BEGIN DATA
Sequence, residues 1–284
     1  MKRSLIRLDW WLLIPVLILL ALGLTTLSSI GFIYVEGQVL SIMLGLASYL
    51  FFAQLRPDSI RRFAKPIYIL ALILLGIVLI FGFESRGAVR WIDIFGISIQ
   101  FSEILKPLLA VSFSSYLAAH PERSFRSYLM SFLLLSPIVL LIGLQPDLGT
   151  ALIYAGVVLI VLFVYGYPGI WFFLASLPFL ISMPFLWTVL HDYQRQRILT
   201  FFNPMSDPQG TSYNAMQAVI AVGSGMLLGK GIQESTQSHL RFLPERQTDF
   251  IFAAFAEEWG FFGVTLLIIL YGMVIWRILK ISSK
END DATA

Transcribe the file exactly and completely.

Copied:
Sequence, residues 1–284
     1  MKRSLIRLDW WLLIPVLILL ALGLTTLSSI GFIYVEGQVL SIMLGLASYL
    51  FFAQLRPDSI RRFAKPIYIL ALILLGIVLI FGFESRGAVR WIDIFGISIQ
   101  FSEILKPLLA VSFSSYLAAH PERSFRSYLM SFLLLSPIVL LIGLQPDLGT
   151  ALIYAGVVLI VLFVYGYPGI WFFLASLPFL ISMPFLWTVL HDYQRQRILT
   201  FFNPMSDPQG TSYNAMQAVI AVGSGMLLGK GIQESTQSHL RFLPERQTDF
   251  IFAAFAEEWG FFGVTLLIIL YGMVIWRILK ISSK